You educate a person

Johan Cruyff has been named as one of the greatest soccer players of all time.

Johan Cruyff has been named as one of the greatest soccer players of all time. He was named as the European Player of the Century (twentieth century) and was second behind Pele as the World Player of the Century; he was the Player of the Tournament in the 1974 World Cup in which the Dutch team finished as Runners-Up; he was awarded the Ballon D’Or trophy three times.

 A player with Ajax and Barcelona (plus one season with Feyenoord) he won ten national league titles, seven national cups, three European Cups (the precursor to the European Champions league trophy) and one European Cup Winners Cup while as a manager he won four national league titles, three national cups and three European trophies.

Towards the end of his life, he was asked what his foundational philosophy was as a coach and manager. We might have expected him to refer to the Dutch ‘Total Football’ philosophy, of which he was one of the originators. His response, however, was one that every school sports coach in particular should lodge deep within their minds.

“In the first place, you educate a person. So always start with a person. He’s unique because there is just one of him. Maybe he knows football, maybe he gets into first team. But do you care about him? Do you give him education? The value of the person is totally underestimated.”

So, let us start in the first place – after all, everyone wants to come in first place! But the way to reach first place is to follow Cruyff’s “first place”: educate a person. We must educate the person as a person before we educate the person as a player.

As a coach, we will be desirous to jump right in and teach skills, coach tactics, undertake drills and more but we first must understand that we are dealing with a person, first and foremost, so we must understand, appreciate and develop that person as a person before we even think of developing him as a player.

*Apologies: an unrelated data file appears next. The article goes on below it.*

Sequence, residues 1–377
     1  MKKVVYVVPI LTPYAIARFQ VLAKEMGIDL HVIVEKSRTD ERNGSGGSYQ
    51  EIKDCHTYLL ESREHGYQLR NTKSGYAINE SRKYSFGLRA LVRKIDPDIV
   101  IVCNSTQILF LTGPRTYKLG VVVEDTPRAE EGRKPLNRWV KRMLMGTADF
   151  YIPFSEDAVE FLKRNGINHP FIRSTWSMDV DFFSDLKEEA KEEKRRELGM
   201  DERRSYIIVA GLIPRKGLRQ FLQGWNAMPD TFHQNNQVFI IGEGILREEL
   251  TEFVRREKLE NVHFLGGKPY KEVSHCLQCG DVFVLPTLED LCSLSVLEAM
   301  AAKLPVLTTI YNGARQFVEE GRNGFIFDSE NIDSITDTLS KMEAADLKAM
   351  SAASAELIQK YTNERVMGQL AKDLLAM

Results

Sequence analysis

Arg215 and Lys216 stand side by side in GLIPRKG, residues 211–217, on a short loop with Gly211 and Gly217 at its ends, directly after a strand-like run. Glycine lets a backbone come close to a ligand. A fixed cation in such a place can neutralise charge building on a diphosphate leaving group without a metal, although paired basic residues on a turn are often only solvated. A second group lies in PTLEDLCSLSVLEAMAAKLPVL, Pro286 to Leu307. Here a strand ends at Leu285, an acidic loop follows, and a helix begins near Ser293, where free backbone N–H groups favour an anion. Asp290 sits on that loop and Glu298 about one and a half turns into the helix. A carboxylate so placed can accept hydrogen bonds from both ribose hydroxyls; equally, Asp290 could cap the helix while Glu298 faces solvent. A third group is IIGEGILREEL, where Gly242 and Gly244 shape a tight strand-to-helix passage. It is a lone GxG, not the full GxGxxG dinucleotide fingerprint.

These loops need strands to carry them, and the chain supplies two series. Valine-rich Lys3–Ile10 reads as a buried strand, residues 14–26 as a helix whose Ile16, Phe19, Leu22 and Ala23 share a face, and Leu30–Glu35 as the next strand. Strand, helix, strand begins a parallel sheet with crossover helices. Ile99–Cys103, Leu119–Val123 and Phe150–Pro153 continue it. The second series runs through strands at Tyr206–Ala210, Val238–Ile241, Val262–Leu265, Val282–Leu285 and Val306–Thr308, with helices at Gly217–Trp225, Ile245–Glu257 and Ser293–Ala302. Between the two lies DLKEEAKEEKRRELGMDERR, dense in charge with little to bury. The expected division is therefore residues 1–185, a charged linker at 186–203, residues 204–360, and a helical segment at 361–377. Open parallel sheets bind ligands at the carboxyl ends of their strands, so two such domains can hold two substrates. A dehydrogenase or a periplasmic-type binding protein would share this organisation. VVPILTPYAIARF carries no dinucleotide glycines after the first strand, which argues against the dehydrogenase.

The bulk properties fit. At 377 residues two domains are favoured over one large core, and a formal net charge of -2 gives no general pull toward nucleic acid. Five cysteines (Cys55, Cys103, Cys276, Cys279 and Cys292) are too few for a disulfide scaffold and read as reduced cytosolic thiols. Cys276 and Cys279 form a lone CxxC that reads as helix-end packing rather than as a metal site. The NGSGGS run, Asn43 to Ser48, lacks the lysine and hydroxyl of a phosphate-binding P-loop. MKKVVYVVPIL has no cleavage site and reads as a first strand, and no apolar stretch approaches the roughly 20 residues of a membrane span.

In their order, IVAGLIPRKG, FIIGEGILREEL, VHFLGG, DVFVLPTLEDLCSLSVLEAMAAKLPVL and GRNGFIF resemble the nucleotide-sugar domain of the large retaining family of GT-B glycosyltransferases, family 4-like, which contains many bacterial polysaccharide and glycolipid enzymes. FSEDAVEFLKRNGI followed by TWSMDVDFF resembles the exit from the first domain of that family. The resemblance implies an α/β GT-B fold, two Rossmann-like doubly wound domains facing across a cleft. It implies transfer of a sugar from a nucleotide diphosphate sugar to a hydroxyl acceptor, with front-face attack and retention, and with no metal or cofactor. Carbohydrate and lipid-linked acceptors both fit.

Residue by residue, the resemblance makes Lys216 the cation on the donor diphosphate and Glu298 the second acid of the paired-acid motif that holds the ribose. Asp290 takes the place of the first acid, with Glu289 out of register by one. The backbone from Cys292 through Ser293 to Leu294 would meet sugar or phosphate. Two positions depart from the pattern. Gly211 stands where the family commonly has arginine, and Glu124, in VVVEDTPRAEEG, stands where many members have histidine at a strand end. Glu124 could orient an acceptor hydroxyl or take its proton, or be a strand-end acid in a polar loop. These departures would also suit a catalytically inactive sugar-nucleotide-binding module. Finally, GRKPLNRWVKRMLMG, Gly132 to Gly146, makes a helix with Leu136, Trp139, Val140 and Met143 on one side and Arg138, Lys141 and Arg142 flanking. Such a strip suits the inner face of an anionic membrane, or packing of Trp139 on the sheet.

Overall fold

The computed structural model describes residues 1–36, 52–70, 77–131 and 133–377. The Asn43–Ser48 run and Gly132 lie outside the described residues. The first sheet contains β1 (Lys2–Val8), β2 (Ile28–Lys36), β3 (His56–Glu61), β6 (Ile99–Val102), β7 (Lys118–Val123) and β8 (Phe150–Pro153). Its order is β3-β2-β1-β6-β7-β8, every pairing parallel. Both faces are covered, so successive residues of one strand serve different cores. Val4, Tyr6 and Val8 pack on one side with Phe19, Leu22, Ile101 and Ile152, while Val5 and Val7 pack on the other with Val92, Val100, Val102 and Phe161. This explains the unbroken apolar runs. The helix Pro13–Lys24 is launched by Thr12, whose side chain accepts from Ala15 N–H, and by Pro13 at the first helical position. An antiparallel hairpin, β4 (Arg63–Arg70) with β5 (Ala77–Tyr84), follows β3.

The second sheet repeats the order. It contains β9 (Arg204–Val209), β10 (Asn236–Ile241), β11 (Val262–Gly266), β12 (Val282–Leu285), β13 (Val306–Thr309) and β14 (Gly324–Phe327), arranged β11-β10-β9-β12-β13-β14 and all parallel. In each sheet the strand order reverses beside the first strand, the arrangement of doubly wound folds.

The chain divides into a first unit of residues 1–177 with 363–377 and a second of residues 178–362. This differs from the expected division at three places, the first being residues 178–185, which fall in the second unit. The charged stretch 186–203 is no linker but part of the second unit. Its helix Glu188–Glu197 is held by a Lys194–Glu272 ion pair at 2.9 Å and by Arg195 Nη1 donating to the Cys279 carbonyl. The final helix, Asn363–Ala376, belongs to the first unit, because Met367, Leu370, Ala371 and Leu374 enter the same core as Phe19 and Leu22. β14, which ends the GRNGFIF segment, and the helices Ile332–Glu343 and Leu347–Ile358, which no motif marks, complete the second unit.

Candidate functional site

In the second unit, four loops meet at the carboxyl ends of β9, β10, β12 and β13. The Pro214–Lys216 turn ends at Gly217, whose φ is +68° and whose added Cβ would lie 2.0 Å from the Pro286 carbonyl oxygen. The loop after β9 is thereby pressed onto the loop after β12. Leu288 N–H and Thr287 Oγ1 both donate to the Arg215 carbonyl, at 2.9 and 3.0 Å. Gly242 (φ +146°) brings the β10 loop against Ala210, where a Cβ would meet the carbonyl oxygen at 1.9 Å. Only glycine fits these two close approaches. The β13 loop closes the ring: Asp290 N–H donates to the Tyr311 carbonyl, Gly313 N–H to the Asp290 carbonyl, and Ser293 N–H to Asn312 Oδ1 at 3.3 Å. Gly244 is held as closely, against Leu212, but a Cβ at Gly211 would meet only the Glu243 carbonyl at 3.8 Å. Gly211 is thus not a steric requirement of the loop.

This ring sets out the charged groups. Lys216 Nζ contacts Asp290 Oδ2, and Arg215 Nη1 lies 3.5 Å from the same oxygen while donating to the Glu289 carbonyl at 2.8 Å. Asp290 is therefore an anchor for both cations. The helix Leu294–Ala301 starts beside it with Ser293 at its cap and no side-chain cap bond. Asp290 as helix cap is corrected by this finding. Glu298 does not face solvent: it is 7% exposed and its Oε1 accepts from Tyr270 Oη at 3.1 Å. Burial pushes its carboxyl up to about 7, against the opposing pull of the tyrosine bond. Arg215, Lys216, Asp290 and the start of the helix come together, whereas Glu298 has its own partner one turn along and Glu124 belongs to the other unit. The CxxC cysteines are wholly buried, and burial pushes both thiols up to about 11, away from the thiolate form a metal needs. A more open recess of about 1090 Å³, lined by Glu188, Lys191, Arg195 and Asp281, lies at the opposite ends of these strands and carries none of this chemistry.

We may well look on at professional sportsmen and wonder at their ability and success but beneath all the sweat and tears, the blood and guts, the triumphs and disappointments, there is a human being. They are human just like us. They may have the money, the flash cars, the expensive houses, the exotic holidays, the thrill of playing in front of large crowds, the euphoria of winning trophies. They will experience incredible moments, no question! But the fact remains, they are human.

And as they are human, they face the same trials and tribulations and experience the same emotions that all of us do and often have no idea how to deal with them. They are just like everyone else.

They face massive temptations, hide personal weaknesses, experience deep hurts, have good days and bad days. They face difficulties in their marriages (perhaps more than others because of everything else). They are like this and much more for the very simple, obvious reason that they are human.

If that is what they are like, even more so are those children whom we seek to develop. We must first educate the person; after all, as we have often underlined, a “Better person makes a better player”. 

Too often we push children to be ‘successful’ (whatever that means), drilling them on the sports field and training pitches, but we do not prepare them to handle that success – or the failure that will inevitably follow the success if we have not prepared them for it.

Furthermore, at school level, where we do sport for all the children (not just the talented ones in our first teams) in order for them to learn vital lessons that they cannot learn in the classroom, it is even more paramount that we are educating the person in values, in principles, as that will enable them to face situations in their adult life with greater effect, more than the skills and tactics (which many will not use at a higher level ever).

Each of them is unique, as Cruyff points out. We must therefore treat each of them uniquely. One child may respond to shouting, others will not. One may be scared to try something new (on the field or outside sport), others will not. Educate the person.

Cruyff asks two vital questions about how we as coaches must educate the person. Do we care about them, even care for them? Do we educate them? As coaches at school, how do we plead? It is what we are there to do.

We must develop them as persons, educate them, before we coach them. We must not underestimate their value as a person. It must be total life first, not total football.

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